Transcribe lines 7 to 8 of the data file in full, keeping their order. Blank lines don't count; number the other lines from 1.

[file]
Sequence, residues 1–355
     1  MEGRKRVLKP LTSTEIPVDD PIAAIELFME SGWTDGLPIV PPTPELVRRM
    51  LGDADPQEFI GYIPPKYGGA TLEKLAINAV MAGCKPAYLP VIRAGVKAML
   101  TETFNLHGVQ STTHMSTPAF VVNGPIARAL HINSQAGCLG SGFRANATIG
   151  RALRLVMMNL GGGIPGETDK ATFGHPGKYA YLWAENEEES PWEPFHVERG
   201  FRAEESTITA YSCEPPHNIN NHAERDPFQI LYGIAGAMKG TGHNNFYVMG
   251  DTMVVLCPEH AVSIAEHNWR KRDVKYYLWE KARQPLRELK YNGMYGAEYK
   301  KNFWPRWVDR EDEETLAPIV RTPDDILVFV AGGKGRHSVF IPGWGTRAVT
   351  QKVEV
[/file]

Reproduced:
   251  DTMVVLCPEH AVSIAEHNWR KRDVKYYLWE KARQPLRELK YNGMYGAEYK
   301  KNFWPRWVDR EDEETLAPIV RTPDDILVFV AGGKGRHSVF IPGWGTRAVT